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Topic: Really need help with what is probably very simple IR emitter/receiver question (Read 806 times) previous topic - next topic

prismspecs

Hey,

Bought this: https://www.sparkfun.com/products/9299 trying to measure RPM. I can handle the code on my own (probably) but I'm trying to put together a simple circuit to just test that I have everything plugged in right first.
According to the diagram, the anode on the emitter (positive like an LED, right?) is opposite the GROUND pin on the receiver, and then what I'm confused about is what the heck the middle pin is used for on the receiver. In the diagram, which I find a little unclear, it seems that the middle is v0, and the other pin is Vcc. I'm not sure what these mean to be honest, I'm new to electronics, but I think of them as the positive side.
I put together this circuit (or tried) http://www.instructables.com/id/Arduino-Based-Optical-Tachometer/?ALLSTEPS
Unfortunately, it won't work. The LED never pops on when I interrupt the optointerrupter beam, and I count 0rpm forever. Please, please help. I'm at my wit's end ;p

MaJiG

Here's my take:

PIN
1 -- Anode of the of the LED -- Attach a 330ohm current-limiting resistor to +V
2 -- Cathode of the LED -- Attach to GND
3 -- Vcc -- Attach to +V
4 -- Vo -- attach to Arduino digital pin configured as an input (no need for internal pull-up resistor)
5 -- Gnd -- Attach to ground

Pin 4 should go low / high as the beam is interrupted

JoshWimble

Hi Prism,

Looking at the data sheet you provided, and specifically the schematic on the first page, it seems that this works as follows... (someone correct me if I'm way off)

Pin 3 goes to Vcc (your power supply, probably 5V from an arduino, check the data sheet to see what the actual specifications are)

Pin 5 goes to your ground

And pin 4 is used as your signal pin.  When the beam is transmitting uninterupted, a current is applied to the transistor pictured in the citcuit which connects Vcc and Pin 4 to ground, so it should read 0V.  When the beam is interupted by an object, the current stops flowing to the transistor, and pin 4 is connected to Vcc with no connection to ground, and it should read high.


TL:DR -- pin 4 is what you read off to see if your beam is interupted.  If it's interupted, it should be high, if its unobstructed, it should read low (or it may be the other way around, admitedly, I don't know what some of that circuitry does).



To test that your detector is actually reading... hook everything up to pins 1, 2 (don't forget a resistor on the LED if you need one, check the data sheet), 3, and 5, and then read the voltage off pin 4 as you interupt the beam,

Let me know if that helps

prismspecs

Wait up. I tried this and I fried my sensor, what mistake did I make? Weird... Smelly, too.

JoshWimble

Did you fry the sensor or the LED because you didn't use a resistor with it?

Are you using an arduino for the 5V supply?  If not, what is the voltage?

Runaway Pancake

#5
Feb 12, 2013, 10:39 pm Last Edit: Feb 12, 2013, 10:47 pm by Runaway Pancake Reason: 1
two guys working on this same thing today
what are the possibilities?

> > > Oh...  the pins don't match the drawing -- you have to look at the physical drawing (same page, further down)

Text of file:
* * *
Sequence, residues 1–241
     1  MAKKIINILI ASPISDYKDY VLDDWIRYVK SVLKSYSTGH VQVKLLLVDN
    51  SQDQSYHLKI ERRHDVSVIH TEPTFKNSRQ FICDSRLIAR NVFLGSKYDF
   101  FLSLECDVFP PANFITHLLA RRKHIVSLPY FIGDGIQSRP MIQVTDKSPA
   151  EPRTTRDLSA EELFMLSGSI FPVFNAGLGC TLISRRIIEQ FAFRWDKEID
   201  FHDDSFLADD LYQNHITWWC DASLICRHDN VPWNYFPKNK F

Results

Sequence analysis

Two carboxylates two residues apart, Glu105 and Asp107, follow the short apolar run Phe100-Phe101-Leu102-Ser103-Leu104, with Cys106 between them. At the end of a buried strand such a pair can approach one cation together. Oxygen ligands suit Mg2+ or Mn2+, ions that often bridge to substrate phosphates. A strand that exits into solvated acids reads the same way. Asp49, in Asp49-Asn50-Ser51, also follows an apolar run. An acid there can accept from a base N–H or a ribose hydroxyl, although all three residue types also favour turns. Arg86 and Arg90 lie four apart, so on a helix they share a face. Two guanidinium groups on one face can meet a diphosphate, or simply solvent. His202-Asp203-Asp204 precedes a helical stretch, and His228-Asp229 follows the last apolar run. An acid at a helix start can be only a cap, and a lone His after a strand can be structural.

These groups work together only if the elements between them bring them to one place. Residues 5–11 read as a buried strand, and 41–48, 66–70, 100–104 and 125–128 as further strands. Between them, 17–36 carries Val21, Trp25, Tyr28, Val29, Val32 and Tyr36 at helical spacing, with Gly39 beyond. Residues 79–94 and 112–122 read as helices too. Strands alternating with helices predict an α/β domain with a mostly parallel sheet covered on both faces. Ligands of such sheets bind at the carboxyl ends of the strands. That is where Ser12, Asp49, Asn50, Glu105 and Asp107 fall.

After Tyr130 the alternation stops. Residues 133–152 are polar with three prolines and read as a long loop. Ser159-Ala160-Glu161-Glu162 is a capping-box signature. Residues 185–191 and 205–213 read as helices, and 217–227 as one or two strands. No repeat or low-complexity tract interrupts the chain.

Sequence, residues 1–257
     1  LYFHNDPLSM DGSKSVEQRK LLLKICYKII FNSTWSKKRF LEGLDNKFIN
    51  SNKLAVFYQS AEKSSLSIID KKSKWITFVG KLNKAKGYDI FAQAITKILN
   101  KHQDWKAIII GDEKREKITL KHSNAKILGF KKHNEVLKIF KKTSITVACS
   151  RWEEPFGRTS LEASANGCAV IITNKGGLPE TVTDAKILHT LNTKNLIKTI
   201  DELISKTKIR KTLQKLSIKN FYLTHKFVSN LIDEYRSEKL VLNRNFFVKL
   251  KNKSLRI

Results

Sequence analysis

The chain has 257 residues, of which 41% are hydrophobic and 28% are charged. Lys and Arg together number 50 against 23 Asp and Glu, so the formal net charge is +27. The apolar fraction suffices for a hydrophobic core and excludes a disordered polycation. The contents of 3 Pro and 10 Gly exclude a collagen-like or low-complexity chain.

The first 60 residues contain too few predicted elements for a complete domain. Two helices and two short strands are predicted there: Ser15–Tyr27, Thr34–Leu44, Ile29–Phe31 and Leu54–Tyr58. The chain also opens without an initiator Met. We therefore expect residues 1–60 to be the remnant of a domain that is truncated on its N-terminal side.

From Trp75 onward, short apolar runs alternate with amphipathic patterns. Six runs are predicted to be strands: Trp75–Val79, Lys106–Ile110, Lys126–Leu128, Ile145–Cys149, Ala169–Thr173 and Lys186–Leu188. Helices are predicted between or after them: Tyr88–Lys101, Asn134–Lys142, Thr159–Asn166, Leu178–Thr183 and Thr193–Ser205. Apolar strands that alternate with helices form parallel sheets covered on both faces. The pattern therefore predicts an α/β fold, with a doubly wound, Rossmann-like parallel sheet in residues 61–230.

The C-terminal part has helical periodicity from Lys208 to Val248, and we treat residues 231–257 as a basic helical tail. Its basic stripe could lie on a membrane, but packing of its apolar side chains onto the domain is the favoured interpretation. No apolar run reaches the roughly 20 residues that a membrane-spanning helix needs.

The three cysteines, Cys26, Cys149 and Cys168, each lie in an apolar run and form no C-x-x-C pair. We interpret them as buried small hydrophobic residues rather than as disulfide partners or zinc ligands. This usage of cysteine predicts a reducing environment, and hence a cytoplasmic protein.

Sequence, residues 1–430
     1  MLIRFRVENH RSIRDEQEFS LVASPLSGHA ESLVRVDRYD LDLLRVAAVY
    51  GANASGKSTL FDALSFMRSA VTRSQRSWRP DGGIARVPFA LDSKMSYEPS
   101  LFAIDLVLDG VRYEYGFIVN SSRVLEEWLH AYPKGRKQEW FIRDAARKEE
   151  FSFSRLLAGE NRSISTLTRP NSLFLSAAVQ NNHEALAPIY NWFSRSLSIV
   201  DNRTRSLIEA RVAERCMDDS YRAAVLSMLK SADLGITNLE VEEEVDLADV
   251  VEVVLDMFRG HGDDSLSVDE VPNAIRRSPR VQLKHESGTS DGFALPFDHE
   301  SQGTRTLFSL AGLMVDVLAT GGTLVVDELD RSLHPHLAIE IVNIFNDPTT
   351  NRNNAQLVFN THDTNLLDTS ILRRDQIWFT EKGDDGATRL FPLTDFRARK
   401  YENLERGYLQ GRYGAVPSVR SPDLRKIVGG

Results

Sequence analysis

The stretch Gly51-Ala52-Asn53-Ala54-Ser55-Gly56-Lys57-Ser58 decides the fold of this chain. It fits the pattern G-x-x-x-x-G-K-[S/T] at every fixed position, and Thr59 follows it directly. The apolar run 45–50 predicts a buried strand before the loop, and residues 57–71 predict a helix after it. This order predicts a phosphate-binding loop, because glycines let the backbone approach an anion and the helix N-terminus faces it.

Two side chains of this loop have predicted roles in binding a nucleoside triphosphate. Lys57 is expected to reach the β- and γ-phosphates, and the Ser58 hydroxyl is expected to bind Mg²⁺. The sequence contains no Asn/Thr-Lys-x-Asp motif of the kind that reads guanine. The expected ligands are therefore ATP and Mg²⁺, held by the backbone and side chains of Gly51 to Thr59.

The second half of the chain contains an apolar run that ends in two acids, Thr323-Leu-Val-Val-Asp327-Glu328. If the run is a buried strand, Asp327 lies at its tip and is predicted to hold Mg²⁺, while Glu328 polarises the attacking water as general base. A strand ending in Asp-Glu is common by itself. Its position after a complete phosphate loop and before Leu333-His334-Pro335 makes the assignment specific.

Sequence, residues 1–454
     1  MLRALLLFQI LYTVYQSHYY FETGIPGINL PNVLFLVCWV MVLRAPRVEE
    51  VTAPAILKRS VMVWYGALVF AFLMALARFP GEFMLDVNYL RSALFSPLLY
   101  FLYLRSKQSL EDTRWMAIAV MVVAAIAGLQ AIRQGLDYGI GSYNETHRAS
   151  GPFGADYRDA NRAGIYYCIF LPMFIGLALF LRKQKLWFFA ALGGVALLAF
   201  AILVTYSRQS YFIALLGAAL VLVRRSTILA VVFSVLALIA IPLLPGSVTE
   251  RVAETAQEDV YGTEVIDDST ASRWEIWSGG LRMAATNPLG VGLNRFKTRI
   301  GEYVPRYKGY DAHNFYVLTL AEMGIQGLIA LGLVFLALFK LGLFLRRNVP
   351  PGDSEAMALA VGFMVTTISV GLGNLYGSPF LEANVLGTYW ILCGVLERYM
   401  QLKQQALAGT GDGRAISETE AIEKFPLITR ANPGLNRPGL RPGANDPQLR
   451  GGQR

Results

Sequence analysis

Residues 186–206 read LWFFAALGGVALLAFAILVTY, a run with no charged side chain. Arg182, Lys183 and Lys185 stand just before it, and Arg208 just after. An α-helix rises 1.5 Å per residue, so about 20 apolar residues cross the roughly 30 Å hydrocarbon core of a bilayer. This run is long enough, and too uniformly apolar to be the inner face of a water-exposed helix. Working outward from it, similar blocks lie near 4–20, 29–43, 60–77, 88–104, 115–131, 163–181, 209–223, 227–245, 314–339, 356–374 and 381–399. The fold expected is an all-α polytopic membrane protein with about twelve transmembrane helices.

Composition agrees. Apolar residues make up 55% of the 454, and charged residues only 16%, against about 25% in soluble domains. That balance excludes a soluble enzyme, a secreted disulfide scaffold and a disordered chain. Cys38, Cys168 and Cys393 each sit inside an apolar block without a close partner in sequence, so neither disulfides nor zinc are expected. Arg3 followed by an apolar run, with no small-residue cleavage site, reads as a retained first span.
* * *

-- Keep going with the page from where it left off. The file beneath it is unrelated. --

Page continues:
"Hello, I must be going..."
"You gotta fight -- for your right -- to party!"
Don't react - Read.
"Who is like unto the beast? who is able to make war with him?"

prismspecs

Wait.. is it just me or are those drawings showing the same pin configuration?

Also, I fried the sensor, not the emitter. Now I have to wait another week for my new part...................

EDIT: Oh, ok. I think I was reading the diagram thinking that I was looking at the device from the bottom and not the top. That would do it, I suppose ;-) Looks like I should learn how to read a circuit diagram, eh? But this also means that the long leg of the IR LED is NEGATIVE in this situation, is that right?

EDIT EDIT:
Woa, this thing still works after smoking more than I did in Cambodia.

Wrote this code:
Code: [Select]

// include the library code:
#include <LiquidCrystal.h>

int sensorPin = 2;
unsigned long rots = 0;
int rpm = 0;
unsigned long time;

// initialize the library with the numbers of the interface pins
LiquidCrystal lcd(7, 8, 9, 10, 11, 12);

void setup() {
  // set up the LCD's number of columns and rows:
  lcd.begin(20, 4);
  lcd.clear();
 
  Serial.begin(9600);
  pinMode(sensorPin, INPUT);
  attachInterrupt(0, rotEncoder, RISING);
}

void loop() {
 
  time = millis();
  rpm = rots / (time / 1000);
 
   // Print a message to the LCD.
  lcd.setCursor(0, 0);
  lcd.print(rpm);
  lcd.setCursor(0, 1);
  lcd.print(digitalRead(sensorPin));
  lcd.setCursor(0, 2);
  lcd.print(time / 1000);
  lcd.setCursor(0, 3);
  lcd.print(rots);
 
  delay(20);
}

void rotEncoder() {
  rots++;
}

And it works well enough, but I have this problem where RPM reports -1 for a sec, and that messes up my LCD display. What's the deal with that?

Runaway Pancake

It looks like it may not conform to the prevailing assumption.
That's an easy thing to check.
The best thing to do is confirm with a DMM, get out the ohmmeter (low ohms or 'diode check') - it will show signs of conducting in one direction (but not the other).
"Hello, I must be going..."
"You gotta fight -- for your right -- to party!"
Don't react - Read.
"Who is like unto the beast? who is able to make war with him?"

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